Overhaul and tweaking of curriculum, school safety and security and addressing the shortage of teachers were among the issues on the minds of voters as they went to the polls Tuesday in board of education elections in the First State.
Of the 11 school districts in Kent and Sussex Counties, voters decided the winners in only the eight districts with contested races.
In alphabetical order, Caesar Rodney, Cape Henlopen, Delmar, Indian River, Laurel, Milford, Seaford, and Smyrna had contests on Tuesday.
“And they truly need more teachers, No. 1. And they need more pay, the teachers do — for the job that they have to do each day with those children. That’s my major concern,” said Millsboro resident Cora Turner, who voted in the Indian River School District’s election. “I have a family member who teaches, and the pay doesn’t live up to what she has to go through.”
One resident who cast her ballot at Georgetown Elementary School prioritizes curriculum, saying schools need to “be teaching the right stuff. They (students) are falling behind and we need to get them back on track.”
Before casting her vote in Seaford’s three-candidate race, Wanda Bacon said her priority issues are school safety and security, parental rights, and access to resources so all students have an equal opportunity to achieve.
School discipline was another offered as a prevalent topic.
Leading up to election, the Smyrna candidates pointed to what they believed were the biggest issues within the school district.
Among other things, Marie Fontaine St. Pierre said it was important to provided students education that would prepare them “for today’s competitive labor market.”
For Bobbie Jo Webber, safety in schools was a key priority and “the amount of misconduct in our schools is a growing concern.”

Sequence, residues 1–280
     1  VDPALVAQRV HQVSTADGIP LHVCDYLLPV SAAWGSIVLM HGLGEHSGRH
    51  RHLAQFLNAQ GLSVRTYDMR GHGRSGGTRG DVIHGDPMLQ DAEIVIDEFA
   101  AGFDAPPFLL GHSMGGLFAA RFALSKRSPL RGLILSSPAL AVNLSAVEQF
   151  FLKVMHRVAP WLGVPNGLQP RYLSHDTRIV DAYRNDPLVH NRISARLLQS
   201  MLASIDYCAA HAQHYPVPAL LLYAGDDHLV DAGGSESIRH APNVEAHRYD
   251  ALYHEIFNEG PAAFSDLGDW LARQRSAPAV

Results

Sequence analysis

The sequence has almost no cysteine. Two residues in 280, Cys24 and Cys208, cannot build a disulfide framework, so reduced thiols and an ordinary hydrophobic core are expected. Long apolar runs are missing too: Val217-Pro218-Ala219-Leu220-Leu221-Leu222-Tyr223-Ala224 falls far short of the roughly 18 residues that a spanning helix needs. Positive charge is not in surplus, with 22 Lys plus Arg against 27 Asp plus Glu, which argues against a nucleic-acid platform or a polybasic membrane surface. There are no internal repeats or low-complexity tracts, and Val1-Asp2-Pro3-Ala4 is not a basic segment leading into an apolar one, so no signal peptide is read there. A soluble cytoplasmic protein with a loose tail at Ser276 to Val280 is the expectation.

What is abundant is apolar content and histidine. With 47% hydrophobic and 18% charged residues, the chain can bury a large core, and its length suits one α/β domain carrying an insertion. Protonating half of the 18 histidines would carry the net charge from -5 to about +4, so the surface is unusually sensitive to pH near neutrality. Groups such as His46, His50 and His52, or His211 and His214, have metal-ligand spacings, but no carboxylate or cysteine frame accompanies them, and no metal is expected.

Both candidates pointed to bullying among students as a concern. They also pointed to their children’s time in the district as inspiration for seeking a board seat.
The at-large four-year term expires June 30, 2027.
Only one seat was contested in this year’s Milford school board election.
Ashlee Connell and Danielle Deinert both ran for one of the district’s at-large seats.
Victor “Butch” Elzey, one of two unopposed candidates, secured the District A seat after the only other candidate withdrew from the race in March. Jennifer Massotti won her race as the sole candidate for District B.
While board members serve four-year terms, Ms. Massotti will be serving only through the end of June next year because she will be serving out the remainder of the term of Kris Thompson, who vacated the District B seat last year. The other members will serve through June 2027.
The Indian River School District, geographically one of the largest districts in the state with student enrollment around 10,600, is undergoing facility expansion to address over-capacity. The new 2,200-student Sussex Central High School is in the early stage of construction. Once that new high school opens, the current Sussex Central High School will become Millsboro Middle School, and current middle school building in Millsboro will transform to another elementary school.
While incumbent Leolga Wright, Indian River’s current board vice president, was unopposed in District 3, three candidates – Michael Bellerose, Leo Darmstadter and Ivan Neal – were seeking the seat in District 2 currently held by Rodney Layfield. The current board president, Mr. Layfield did not seek another term.
Voting in Seaford’s election was reported brisk by candidates Dr. Stephanie Smith and Armore Rice, who were challenging 10-year board member David Tull, the current board president.
“One of my goals was to increase voter turnout, whether win or lose. That, I think, we have accomplished,” said Dr. Smith.
“We’ve got three good candidates. I’m hearing a lot of people coming out to vote today that had never voted before,” said Mr. Rice. “So already the election to me is a win. We shared this morning together, all three candidates, talking about how important it was for us to have a good turnout, and show that the city is concerned about what is happening in school, and Seaford in general that we want to make things better.”
“The problems we have are pretty much the same as anywhere else. We’ve just got to take it one day at a time and achieve our goal,” said Mr. Tull. “I’ve been on here for 10 years. Seaford has come from the bottom to one of the best in the state.”
Editor’s Note: Reporters Craig Anderson, Matt McDonald, Glenn Rolfe and Managing Editor Logan B. Anderson contributed to this report.